Substance addiction

What is it? 

Addiction, derived from the Latin word “addictus” meaning “enslaved”, is a severe loss of self-control. It’s an overpowering urge to indulge in substances like alcohol, drugs, or activities like gambling and internet use. This uncontrollable drive, despite its harmful effects, can lead to significant distress and disrupt social ties. Particularly vulnerable are the world’s youth (10-24 years), who make up over a quarter of the global population. Substance abuse, especially alcohol among males, is a leading cause of global disability. Treating addiction is a pressing challenge, as it’s more than a choice—it’s a biological and psychological effect on the brain that we’re only beginning to understand. 


  • Regular Use: Feeling that you have to use the drug regularly — daily or even several times a day 
  • Intense Cravings: Having intense urges for the drug that block out any other thoughts 
  • Increased Tolerance: Over time, needing more of the drug to get the same effect 
  • Neglecting Responsibilities: Not meeting obligations and work responsibilities or cutting back on social or recreational activities because of drug use 
  • Continued Use Despite Harm: Continuing to use the drug, even though you know it’s causing problems in your life or causing you physical or psychological harm 
  • Risky Activities: Doing things to get the drug that you normally wouldn’t do, such as stealing. Driving or doing other risky activities when you’re under the influence of the drug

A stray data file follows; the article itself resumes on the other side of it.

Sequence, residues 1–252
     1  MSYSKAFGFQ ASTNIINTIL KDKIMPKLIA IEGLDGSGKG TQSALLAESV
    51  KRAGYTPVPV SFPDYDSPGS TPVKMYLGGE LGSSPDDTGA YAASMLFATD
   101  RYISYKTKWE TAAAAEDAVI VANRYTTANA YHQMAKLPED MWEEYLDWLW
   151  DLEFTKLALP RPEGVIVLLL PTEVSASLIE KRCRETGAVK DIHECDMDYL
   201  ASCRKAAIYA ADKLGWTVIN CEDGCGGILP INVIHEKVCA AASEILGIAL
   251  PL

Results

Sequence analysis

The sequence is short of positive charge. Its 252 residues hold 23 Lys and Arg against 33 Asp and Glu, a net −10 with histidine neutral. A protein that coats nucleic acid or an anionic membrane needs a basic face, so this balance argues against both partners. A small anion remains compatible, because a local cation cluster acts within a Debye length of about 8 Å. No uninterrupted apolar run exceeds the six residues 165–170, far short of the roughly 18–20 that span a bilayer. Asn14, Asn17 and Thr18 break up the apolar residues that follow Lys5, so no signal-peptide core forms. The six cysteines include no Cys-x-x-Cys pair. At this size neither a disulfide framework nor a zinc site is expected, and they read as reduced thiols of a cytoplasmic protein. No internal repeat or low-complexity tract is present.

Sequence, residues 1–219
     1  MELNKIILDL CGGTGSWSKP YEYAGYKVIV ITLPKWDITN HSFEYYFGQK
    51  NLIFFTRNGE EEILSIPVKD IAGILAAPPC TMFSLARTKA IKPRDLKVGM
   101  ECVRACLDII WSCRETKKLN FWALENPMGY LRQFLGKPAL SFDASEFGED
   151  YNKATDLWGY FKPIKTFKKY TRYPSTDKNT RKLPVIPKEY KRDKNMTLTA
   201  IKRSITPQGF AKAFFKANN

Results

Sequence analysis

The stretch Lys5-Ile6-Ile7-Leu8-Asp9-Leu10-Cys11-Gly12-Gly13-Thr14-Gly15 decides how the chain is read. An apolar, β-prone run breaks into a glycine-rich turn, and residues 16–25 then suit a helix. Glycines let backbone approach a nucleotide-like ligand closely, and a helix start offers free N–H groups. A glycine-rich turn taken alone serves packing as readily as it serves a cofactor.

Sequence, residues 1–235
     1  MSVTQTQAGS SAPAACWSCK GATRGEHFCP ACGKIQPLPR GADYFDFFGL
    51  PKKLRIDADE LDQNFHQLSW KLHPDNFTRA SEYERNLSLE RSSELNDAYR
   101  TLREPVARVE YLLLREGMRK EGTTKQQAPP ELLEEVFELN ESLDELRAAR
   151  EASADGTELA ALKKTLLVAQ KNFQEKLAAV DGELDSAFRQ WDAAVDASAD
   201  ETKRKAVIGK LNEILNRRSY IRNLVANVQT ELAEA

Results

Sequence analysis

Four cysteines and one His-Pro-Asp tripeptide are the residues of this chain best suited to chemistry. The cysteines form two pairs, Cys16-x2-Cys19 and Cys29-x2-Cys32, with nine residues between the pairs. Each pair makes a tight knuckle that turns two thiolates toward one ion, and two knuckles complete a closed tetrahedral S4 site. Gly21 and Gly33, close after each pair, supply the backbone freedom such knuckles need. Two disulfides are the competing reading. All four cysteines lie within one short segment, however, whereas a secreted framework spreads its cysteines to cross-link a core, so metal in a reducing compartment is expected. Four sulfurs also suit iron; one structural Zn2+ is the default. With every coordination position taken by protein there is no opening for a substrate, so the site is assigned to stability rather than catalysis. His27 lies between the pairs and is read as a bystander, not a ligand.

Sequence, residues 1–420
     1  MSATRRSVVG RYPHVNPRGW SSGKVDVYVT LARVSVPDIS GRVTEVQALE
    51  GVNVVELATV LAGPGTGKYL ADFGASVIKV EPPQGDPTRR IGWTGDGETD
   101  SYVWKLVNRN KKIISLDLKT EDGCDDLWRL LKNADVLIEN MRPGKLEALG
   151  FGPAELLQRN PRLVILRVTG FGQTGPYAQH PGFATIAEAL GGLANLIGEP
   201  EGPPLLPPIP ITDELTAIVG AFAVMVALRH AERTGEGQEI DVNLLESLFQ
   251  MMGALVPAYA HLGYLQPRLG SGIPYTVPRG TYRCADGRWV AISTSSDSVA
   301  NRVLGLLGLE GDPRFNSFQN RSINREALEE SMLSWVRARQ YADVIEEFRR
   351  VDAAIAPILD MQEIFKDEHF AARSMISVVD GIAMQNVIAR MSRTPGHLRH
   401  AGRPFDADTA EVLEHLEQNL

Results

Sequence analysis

• Withdrawal Symptoms: Experiencing withdrawal symptoms when you attempt to stop taking the drug 
  • Neglecting Appearance: Not caring about your physical appearance as much as you used to 
  • Mood and Behaviour Changes: Sudden changes in mood and behaviour 
  • Hostility or Denial: Hostility or denial when you’re confronted about substance use 


Substance addiction is a complex condition with multiple causes. It’s not solely about the substance or activity, but rather a mix of biological, psychological, and social factors. Individual feelings, emotional state, family relationships, social ties, community attributes, employment status, stress reactivity, coping skills, physical or emotional pain, personality traits, educational opportunities, compelling goals, and access to rewards in life all play a role. Additionally, genetics, environment, trauma, and mental health are known risk factors. The interplay of these factors makes addiction a multifaceted problem that requires a comprehensive approach to treatment. 


An important fact that drives eventual outcomes is that most cases of addiction do not usually develop immediately and the earlier the intervention the better the chance of avoiding a condition that can become destructive and unrelenting. Prevention is often better than cure, but it is never too late to find your personal recovery. Interventions are multifaceted and tailored to the individual’s needs, including medical care, psychotherapy, lifestyle changes, and intervention meetings. Treatment is a continuous process and may change over time based on the individual’s progress and needs.